We come from nowhere and fade back there again, leaving the foggy dreams and
obscure anxieties of this life behind when we go. Life is enigma, and with great
respect for the vagaries of this truth, Masaki Batoh's Nowhere reaches out of the
darkness, with strings of steel and voices echoing out of time.
In the summer of 2018, Masaki Batoh held sessions at GOK Sound in Tokyo,
with the goal of making his fourth solo album. With a pure folk singer approach, he
started the recordings as a basic live performance of guitar with vocal, using only two
mics. If more elements were needed, they would be added-but most important to
him was to capture the performance as immediately as possible.
GOK Sound is an all-analog recording facility, and once Batoh had added a few
elements such as bass, percussion, harmony vocals, electric guitar, harp and a bit of
mellotron (all played by himself in response to his basic performances) and added the
necessary reverb, the world of Nowhere was rendered as deep and sparkling as he had
hoped, consecrating the spiritual intentions of his songs.
Batoh played the basic tracks with acoustic 6- and 12-string guitars, mainly a 1973
Guild D-40 and a 1972 Guild F-212. Two 1968 Gibson models (a J50 and a B12) were
used, as well as a 1972 Martin D18, a 1966 Pirles long-neck 5-string banjo and a Gibson
Firebird for electric guitar. Everything was tuned to drop D, a tuning taught to him in
the early 1980s by the legendary British folk musician Martin Carthy, when Batoh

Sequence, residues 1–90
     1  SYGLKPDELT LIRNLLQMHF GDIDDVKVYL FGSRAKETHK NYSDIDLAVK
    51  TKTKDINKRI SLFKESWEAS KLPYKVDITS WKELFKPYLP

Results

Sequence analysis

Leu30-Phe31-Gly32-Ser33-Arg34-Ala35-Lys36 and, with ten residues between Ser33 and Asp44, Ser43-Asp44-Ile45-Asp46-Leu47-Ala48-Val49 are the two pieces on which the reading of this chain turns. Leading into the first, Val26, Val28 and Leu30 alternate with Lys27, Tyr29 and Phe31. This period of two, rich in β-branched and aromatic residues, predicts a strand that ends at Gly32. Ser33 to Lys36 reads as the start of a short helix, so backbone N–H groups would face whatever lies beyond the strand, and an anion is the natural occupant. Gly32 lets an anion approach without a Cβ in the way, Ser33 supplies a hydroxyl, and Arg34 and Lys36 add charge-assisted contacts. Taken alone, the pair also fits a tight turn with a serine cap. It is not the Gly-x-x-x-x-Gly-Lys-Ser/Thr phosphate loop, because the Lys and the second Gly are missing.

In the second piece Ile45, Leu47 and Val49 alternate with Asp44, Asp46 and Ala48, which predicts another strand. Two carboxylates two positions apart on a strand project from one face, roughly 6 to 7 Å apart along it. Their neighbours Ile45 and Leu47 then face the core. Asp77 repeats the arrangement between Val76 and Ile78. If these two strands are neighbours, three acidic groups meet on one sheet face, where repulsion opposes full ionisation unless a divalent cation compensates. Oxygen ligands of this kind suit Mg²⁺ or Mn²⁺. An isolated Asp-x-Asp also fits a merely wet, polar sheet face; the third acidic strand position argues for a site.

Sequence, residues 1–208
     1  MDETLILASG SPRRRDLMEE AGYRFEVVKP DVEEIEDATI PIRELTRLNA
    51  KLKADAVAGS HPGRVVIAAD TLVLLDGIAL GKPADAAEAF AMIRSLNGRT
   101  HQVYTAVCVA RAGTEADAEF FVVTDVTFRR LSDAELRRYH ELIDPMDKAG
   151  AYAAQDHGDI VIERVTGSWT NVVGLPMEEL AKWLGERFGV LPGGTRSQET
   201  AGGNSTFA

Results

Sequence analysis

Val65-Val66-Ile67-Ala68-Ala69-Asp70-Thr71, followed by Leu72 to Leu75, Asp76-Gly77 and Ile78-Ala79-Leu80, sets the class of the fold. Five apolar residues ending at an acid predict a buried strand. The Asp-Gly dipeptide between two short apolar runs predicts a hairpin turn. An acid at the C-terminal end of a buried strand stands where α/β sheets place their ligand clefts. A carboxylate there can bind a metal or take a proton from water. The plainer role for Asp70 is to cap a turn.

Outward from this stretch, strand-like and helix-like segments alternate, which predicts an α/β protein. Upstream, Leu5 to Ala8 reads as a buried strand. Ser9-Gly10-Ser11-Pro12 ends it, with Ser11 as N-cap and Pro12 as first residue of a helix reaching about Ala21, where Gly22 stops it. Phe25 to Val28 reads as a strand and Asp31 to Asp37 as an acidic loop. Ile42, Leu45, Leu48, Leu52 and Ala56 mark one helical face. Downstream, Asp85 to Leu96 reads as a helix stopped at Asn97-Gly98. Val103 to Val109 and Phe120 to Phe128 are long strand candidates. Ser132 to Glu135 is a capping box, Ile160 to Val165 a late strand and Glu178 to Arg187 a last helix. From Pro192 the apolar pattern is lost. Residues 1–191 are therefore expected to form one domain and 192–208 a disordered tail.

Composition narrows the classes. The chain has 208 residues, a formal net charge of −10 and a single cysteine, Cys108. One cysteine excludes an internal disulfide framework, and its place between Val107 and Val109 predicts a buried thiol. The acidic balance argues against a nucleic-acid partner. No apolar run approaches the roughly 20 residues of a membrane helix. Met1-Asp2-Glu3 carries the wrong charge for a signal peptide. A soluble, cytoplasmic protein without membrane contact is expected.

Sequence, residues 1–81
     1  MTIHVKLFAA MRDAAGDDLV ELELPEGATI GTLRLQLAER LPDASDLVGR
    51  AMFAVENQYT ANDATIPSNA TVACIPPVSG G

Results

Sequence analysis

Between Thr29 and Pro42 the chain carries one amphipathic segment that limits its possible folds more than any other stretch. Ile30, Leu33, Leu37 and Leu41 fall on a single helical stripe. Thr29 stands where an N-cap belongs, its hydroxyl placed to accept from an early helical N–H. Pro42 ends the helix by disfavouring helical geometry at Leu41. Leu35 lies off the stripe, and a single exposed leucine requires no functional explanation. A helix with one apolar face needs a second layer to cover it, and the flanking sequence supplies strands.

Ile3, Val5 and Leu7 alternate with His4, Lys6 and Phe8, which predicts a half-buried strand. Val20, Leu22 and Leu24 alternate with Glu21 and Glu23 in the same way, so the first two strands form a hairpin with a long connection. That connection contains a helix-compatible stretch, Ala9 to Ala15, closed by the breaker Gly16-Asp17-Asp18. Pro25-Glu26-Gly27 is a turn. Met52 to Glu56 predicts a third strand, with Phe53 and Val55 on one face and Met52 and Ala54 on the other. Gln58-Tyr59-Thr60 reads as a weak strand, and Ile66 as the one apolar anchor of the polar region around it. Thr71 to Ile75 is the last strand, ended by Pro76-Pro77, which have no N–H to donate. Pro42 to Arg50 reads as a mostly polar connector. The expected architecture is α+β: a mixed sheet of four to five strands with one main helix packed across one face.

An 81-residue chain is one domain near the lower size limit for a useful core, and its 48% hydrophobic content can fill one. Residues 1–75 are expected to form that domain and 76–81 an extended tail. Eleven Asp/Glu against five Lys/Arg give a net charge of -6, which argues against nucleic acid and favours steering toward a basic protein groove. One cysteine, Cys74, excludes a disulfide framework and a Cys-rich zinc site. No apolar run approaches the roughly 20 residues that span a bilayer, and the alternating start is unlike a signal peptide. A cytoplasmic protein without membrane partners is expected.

was traveling through London. Many of the lyrics of Nowhere, sung in English, Japanese, and on one song, Latin, reference his younger days as well, when traveling the
world and witnessing for himself the majesty and shame of humanity.
The sound of Nowhere reflects with dimensional richness the world that Batoh
has been traveling since those early days-a vast space echoing with the music of many
eras, played and sung in tongues of many nations. This is a world where the guitar can
play songs as they've been played for centuries, or play in a hauntingly hallucinogenic
style, or, as in the closing track, play with an open mind and heart, thinking about
these things without knowing exactly where it will end.
The theme of Batoh's music is finding a common tradition in all these various mu-
sics, to bring them forward in his own style and provoke a shared desire to promote
humanity in the audience. Batoh has opened the door for you-if you are able to pass
through, Nowhere is waiting for you.